The Peace Corps does not provide insurance coverage for personal effects; Volunteers are ultimately responsible for the safekeeping of their personal belongings. However, you can purchase personal property insurance before you leave. If you wish, you may contact your own insurance company; additionally, insurance application forms will be provided, and we encourage you to consider them carefully. Do not ship or take valuable items overseas. Jewelry, watches, radios, cameras, and expensive appliances are subject to loss, theft, and breakage, and in many places, satisfactory maintenance and repair services are not available. The Peace Corps cannot reimburse you for such losses.
Do I need an international driver’s license?
Volunteers in Niger do not need to get an international driver’s license because they are prohibited from operating privately owned motorized vehicles. Most urban travel is by bus or taxi. Rural travel ranges from buses and minibuses to trucks, bicycles, and lots of walking.
What should I bring as gifts for Niger friends and my host family?
This is not a requirement. A token of friendship is sufficient. Some gift suggestions include knickknacks for the house; pictures, books, or calendars of American scenes; souvenirs from your area; hard candies that will not melt or spoil; or photos to give away. Items can also be purchased locally.
Where will my site assignment be when I finish training and how isolated will I be?
Peace Corps trainees are not assigned to individual sites until they have completed about half of their pre-service training. This gives Peace Corps staff the opportunity to assess each trainee’s technical and language skills prior to assigning sites, in addition to finalizing site selections with ministry counterparts. If feasible, you may have the opportunity to provide input on your site preferences, including geographical location, distance from other Volunteers, and living conditions. However, keep in mind that many factors influence the site selection process and that the Peace Corps cannot guarantee placement where you would ideally like to be. Most Volunteers are assigned to rural villages or small towns and are usually within one hour from another Volunteer. Some sites require a 12-hour drive from the capital. There is at least one “veteran” Volunteer based in each of the regional capitals, and six Volunteers are currently based in Niamey.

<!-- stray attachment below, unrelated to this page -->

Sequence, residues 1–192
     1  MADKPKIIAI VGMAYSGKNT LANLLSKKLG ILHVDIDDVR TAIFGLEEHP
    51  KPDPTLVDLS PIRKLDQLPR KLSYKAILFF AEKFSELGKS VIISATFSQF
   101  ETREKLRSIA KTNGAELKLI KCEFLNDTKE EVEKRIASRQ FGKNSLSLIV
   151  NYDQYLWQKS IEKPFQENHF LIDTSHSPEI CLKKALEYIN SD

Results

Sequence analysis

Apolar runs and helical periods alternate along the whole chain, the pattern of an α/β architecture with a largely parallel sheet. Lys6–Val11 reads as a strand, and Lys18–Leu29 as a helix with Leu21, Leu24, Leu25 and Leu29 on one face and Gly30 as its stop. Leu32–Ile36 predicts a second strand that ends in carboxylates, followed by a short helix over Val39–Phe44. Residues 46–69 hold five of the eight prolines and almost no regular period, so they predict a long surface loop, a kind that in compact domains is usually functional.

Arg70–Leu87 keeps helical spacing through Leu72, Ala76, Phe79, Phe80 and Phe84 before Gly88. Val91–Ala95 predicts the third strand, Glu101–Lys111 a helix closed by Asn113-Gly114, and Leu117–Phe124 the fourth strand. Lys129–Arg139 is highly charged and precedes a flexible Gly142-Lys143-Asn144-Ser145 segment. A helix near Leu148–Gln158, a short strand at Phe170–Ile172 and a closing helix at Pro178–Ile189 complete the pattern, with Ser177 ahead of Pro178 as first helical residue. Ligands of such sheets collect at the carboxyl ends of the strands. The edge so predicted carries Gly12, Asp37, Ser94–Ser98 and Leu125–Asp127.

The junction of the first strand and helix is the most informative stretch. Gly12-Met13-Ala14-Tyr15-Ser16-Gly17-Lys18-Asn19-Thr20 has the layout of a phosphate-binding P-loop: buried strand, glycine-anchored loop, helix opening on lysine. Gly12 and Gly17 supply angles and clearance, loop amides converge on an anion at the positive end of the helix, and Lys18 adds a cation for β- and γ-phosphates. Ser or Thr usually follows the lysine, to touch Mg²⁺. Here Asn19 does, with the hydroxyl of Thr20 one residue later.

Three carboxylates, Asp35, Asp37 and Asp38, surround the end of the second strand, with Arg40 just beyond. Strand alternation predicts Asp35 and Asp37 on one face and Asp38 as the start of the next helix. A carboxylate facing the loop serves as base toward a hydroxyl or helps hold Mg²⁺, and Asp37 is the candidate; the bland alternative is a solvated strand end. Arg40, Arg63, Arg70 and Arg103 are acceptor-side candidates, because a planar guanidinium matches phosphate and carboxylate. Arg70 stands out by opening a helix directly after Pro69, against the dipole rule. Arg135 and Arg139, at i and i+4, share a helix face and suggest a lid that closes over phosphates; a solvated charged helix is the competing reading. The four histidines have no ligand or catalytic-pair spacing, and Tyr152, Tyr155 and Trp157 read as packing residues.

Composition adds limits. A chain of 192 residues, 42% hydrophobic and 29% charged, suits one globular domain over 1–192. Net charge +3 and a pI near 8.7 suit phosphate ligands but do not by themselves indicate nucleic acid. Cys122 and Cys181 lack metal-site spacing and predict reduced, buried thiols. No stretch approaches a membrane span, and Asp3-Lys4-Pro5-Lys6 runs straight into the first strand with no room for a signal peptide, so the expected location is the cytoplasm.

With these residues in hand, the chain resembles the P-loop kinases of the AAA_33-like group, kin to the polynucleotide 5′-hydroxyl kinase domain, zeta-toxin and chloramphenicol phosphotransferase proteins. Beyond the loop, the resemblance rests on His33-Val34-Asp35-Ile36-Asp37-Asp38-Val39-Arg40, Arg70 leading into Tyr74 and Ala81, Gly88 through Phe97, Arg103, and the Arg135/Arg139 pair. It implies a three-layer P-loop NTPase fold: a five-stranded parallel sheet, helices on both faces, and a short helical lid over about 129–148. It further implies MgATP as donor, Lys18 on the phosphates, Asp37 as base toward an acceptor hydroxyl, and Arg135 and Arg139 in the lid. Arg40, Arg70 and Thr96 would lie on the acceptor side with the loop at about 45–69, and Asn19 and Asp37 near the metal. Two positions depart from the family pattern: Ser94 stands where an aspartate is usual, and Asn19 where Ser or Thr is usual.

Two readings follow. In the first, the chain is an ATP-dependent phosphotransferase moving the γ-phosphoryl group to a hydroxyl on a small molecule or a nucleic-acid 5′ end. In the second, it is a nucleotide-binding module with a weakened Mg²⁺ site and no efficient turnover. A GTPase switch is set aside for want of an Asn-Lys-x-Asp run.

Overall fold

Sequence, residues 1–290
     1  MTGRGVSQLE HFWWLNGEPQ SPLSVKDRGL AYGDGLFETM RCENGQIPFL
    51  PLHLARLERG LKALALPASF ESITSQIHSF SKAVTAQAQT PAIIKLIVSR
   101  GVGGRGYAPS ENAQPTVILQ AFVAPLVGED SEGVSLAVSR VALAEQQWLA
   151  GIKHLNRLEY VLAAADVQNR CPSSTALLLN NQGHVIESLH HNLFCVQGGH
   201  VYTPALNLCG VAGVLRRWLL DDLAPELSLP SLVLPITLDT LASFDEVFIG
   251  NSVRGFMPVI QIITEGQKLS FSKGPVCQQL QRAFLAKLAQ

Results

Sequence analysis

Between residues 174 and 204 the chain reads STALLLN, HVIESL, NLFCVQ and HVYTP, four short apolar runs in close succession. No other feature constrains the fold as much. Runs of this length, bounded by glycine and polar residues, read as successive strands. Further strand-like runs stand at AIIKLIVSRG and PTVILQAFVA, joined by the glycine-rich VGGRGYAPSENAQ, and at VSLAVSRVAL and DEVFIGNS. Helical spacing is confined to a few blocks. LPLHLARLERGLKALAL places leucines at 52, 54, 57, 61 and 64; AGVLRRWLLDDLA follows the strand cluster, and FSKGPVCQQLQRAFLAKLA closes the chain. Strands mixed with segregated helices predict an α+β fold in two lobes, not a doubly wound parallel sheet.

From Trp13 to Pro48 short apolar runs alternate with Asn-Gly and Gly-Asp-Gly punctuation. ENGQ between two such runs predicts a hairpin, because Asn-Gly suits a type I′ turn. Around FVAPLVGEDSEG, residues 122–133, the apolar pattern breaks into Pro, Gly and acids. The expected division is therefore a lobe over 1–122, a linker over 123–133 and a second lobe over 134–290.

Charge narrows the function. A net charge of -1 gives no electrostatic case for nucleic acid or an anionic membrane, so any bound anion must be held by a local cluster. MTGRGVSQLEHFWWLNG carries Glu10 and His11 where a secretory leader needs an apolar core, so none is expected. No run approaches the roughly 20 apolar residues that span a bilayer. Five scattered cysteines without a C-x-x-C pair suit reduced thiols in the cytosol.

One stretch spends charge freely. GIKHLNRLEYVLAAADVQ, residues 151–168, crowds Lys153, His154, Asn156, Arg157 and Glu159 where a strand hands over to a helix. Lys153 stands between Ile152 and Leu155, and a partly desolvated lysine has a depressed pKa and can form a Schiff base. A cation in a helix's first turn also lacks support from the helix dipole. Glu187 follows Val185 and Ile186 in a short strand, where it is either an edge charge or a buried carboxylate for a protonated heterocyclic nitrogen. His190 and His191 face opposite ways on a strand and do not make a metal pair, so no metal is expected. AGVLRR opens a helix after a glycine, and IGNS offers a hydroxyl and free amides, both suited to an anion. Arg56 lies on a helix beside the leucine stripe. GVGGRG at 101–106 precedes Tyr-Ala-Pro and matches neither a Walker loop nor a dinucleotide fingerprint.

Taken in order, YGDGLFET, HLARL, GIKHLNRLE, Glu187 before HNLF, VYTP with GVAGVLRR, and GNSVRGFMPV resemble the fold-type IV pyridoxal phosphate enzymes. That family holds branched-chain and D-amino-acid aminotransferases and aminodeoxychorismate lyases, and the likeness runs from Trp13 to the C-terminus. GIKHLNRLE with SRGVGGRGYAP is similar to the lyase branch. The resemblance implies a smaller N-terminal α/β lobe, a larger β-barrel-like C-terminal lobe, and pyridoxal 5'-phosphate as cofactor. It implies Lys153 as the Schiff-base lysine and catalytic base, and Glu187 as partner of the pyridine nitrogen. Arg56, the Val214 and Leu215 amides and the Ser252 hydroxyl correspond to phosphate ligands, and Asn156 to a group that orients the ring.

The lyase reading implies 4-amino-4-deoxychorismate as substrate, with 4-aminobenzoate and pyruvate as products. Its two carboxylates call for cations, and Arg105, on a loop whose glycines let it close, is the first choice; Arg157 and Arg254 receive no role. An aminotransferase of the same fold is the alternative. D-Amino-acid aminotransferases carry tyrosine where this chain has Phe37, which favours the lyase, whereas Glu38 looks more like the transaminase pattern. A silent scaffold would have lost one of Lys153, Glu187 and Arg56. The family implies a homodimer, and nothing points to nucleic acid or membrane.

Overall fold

How can my family contact me in an emergency?
The Peace Corps’ Office of Special Services provides assistance in handling emergencies affecting trainees and Volunteers or their families. Before leaving the United States, you should instruct your family to notify the Office of Special Services immediately if an emergency arises, such as a serious illness or death of a family member. During normal business hours, the number for the Office of Special Services is 800.424.8580, extension 1470. After normal business hours and on weekends and holidays, the Special Services duty officer can be reached at 202.638.2574. For nonemergency questions, your family can get information from your country desk staff at the Peace Corps by calling 800.424.8580.
Can I call home from Niger?
Yes. International calls can be made from Niamey and most larger towns, but telephone service is expensive and is not always reliable. Cellphone coverage is increasingly available throughout Niger.
Should I bring a cellular phone with me?
Some Peace Corps/Niger sites have cellphone coverage and a few Volunteers own cellphones. The U.S. cellphones are not compatible with the Niger cellphone system, but you can purchase inexpensive cellphones locally.
Will there be e-mail and Internet access? Should I bring my computer?
E-mail access is available at the Peace Corps office in Niamey and at the regional offices. It is also available at private telecenters in most larger towns. The connections, however, are still slow, of limited capacity, and very expensive, so Internet access, while possible, is problematic. Because of the lack of electricity in villages, computers are not useful for Volunteers assigned to rural areas. Community and youth education sector Volunteers, who are normally stationed in small towns with access to electricity, may want to bring a laptop.